Pan Am Flight 103 was destroyed by a terrorist bomb on December 21, 1988. The Boeing 747, named Clipper Maid of the Seas, was en-route from London Heathrow to New York JFK when it exploded over the small town of Lockerbie, Scotland. All 259 passengers on board and 11 people on the ground were killed. Thirty-five of the victims were students studying abroad through Syracuse University.
In response to an unsubstantiated threat received by its embassy in Helsinki, Finland, on December 5, 1988 the United States Government notifies airlines, airports and embassies in Europe of a possible bomb attack against a Pan American World Airways flight leaving Frankfurt, Germany.
Pan American World Airways Flight 103 traveling from London Heathrow to New York-JFK explodes 31,000 feet above Lockerbie, Scotland.
An interfaith memorial service held at Syracuse University’s Carrier Dome is attended by approximately 15,000 people.
British investigators report that crash debris indicates a bomb in the forward luggage compartment caused the explosion of Pan American Flight 103.
The circumstances surrounding the Helsinki Warning (see 5 Dec 1988) are released to the public.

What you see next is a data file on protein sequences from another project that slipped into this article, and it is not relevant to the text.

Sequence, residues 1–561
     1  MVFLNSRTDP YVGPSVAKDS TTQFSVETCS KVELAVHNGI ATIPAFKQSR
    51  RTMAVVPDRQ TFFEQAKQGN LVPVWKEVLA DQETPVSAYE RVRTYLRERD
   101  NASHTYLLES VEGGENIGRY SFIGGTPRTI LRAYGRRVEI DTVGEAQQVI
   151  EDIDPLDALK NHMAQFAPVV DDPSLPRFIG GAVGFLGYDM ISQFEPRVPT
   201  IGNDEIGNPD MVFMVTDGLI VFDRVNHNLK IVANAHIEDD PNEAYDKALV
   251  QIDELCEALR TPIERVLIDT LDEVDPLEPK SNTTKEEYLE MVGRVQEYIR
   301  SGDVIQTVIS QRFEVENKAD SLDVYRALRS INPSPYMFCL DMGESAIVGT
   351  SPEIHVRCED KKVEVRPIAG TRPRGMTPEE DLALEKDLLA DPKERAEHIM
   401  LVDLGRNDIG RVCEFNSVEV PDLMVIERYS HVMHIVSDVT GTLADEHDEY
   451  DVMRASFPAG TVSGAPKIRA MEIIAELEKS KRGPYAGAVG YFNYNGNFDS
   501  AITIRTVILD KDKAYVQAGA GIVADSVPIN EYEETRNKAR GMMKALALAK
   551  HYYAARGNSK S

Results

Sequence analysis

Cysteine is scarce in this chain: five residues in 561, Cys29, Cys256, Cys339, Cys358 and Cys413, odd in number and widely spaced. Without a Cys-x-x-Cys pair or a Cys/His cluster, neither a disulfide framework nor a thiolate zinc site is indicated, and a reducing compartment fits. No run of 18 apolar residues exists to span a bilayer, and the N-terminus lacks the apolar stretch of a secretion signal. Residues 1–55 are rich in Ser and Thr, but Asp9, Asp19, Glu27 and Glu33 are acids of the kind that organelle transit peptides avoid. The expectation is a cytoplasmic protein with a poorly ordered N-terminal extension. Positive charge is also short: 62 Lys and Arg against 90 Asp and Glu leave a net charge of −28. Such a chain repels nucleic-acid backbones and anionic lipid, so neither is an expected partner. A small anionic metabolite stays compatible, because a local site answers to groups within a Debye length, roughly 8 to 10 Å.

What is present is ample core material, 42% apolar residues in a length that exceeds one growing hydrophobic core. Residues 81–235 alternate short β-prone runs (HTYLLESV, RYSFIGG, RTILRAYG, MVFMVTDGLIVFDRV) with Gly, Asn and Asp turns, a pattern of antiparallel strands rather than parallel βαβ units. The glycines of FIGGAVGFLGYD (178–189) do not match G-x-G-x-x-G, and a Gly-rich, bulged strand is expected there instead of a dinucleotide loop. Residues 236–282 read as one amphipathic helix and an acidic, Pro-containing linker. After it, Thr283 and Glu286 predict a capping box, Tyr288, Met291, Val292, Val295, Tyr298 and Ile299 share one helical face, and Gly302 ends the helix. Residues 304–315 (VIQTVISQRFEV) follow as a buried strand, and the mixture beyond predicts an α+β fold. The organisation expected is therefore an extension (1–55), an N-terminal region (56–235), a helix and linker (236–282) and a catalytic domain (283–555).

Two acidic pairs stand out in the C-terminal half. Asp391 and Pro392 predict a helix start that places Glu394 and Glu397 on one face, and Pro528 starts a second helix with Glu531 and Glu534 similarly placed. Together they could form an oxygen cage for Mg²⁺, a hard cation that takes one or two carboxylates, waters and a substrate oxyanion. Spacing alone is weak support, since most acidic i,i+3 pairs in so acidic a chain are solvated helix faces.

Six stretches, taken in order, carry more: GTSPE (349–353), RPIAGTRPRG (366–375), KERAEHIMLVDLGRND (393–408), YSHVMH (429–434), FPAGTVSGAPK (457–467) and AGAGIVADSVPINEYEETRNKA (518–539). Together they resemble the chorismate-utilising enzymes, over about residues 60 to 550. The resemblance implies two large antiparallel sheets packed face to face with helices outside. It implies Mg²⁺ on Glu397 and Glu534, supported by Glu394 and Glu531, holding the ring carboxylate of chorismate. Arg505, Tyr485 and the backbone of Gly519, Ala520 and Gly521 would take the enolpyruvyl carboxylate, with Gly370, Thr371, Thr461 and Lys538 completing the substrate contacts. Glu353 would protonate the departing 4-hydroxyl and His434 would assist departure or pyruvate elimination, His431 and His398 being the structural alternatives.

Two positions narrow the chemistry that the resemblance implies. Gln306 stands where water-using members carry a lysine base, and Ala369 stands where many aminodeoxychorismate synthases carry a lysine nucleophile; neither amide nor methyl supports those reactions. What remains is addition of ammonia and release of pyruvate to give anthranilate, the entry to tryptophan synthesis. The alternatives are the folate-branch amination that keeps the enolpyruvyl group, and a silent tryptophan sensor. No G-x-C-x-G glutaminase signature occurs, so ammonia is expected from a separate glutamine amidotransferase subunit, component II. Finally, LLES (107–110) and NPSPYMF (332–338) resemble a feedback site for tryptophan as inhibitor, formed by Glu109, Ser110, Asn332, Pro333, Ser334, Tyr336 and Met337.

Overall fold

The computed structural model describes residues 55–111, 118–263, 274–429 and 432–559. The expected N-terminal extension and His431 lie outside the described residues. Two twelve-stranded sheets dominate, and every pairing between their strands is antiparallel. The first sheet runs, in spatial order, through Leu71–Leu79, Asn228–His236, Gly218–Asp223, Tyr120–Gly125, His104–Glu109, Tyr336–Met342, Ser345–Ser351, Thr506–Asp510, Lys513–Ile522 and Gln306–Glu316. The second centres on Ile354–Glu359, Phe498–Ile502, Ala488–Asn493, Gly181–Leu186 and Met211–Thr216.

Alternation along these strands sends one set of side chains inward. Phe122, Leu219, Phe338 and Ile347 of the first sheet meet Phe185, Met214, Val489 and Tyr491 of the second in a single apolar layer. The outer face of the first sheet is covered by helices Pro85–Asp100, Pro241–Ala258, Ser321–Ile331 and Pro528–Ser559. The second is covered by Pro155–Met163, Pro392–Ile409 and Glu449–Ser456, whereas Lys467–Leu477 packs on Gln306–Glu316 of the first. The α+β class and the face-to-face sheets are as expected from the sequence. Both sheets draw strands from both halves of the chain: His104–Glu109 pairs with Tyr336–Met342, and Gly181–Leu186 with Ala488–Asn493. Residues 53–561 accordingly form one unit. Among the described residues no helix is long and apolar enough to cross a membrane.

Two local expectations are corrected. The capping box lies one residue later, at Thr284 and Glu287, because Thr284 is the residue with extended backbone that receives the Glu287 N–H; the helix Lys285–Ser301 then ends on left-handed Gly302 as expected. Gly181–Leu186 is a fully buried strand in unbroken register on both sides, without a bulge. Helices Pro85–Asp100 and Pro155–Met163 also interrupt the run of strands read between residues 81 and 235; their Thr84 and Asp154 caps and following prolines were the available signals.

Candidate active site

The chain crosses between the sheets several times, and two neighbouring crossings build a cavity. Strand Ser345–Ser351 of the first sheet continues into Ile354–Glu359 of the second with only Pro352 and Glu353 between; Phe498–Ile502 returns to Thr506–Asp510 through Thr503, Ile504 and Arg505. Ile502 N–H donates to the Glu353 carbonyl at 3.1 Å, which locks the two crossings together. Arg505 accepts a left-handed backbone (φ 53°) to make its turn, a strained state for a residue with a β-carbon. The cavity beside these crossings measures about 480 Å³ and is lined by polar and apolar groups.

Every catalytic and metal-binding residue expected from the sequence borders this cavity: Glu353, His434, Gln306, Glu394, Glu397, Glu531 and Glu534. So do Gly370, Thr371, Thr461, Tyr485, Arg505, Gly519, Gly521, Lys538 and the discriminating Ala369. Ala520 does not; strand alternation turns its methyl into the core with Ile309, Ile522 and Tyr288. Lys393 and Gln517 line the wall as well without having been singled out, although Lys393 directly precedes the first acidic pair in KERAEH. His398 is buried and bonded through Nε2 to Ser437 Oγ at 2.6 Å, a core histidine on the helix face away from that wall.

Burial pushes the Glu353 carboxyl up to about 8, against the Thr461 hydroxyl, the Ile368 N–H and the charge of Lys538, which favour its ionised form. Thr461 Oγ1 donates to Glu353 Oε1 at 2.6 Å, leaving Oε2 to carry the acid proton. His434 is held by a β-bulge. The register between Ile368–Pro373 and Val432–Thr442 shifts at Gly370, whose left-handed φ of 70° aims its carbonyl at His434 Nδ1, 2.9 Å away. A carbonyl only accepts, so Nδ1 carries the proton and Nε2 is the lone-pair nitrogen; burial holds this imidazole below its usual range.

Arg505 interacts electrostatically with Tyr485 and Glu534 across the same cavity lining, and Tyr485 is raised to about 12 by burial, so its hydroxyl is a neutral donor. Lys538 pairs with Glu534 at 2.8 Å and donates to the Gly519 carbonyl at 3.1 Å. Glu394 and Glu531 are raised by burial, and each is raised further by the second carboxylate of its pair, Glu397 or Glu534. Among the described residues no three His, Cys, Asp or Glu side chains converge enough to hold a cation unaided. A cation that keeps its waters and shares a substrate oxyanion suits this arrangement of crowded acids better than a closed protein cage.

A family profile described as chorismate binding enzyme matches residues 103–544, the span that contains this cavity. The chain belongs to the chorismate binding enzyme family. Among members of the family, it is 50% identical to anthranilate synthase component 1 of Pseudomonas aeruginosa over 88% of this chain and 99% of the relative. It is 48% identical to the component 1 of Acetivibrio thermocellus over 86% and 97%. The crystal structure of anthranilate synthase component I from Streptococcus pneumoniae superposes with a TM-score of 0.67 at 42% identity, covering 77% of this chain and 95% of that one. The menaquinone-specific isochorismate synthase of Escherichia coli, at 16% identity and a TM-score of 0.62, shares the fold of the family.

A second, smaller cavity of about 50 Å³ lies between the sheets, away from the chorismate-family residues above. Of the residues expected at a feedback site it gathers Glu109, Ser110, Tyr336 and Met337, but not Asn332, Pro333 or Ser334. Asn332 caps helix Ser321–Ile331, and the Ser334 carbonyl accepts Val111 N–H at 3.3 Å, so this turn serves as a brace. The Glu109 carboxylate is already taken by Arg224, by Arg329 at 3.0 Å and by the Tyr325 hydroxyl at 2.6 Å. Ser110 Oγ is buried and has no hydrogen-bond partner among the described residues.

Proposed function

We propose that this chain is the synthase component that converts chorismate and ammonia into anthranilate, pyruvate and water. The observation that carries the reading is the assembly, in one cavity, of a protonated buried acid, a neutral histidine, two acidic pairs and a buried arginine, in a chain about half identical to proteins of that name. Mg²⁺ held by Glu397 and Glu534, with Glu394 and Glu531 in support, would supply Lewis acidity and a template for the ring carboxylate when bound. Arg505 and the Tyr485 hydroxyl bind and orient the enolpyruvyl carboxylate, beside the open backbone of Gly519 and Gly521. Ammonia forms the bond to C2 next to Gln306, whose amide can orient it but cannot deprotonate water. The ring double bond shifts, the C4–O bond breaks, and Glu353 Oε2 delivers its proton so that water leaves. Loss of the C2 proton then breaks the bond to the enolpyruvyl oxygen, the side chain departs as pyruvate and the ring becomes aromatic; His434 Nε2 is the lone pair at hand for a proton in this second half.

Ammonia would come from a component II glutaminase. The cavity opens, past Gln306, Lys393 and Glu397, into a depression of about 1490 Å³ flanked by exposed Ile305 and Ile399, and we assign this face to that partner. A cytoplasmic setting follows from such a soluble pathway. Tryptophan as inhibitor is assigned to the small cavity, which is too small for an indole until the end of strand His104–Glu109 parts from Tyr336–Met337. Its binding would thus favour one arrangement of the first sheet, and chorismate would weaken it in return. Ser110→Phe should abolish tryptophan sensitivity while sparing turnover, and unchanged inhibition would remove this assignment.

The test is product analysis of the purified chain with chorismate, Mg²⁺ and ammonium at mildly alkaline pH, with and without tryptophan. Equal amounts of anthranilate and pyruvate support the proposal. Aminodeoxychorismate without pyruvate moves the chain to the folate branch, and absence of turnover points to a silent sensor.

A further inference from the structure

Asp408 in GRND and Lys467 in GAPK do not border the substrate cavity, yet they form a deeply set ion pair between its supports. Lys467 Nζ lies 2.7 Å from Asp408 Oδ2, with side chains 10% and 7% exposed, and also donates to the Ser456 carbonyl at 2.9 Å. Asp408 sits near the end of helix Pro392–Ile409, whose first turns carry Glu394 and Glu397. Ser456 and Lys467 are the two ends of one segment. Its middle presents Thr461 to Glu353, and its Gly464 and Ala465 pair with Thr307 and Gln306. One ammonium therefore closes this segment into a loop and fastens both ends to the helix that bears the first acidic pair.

A memorial service is held at St. Patrick's Cathedral in New York City to honor the 270 people killed in the bombing of Pan Am Flight 103.
Relatives and friends hold a demonstration in front of the White House.
Lockerbie Air Disaster Friendship Group for Relatives is established by members of the Lockerbie community who wish to assist relatives visiting the village and the crash scene.
The Department of Transport's Air Accidents Investigation Branch announces that a bomb placed in the forward cargo hold of Clipper Maid of the Seas caused the midair destruction of Pan Am Flight 103.
British Prime Minister Margaret Thatcher joins 700 mourners at a memorial service for the victims of Pan Am Flight 103 (known internationally as the Lockerbie Air Disaster), held at Dryfesdale Church in Lockerbie.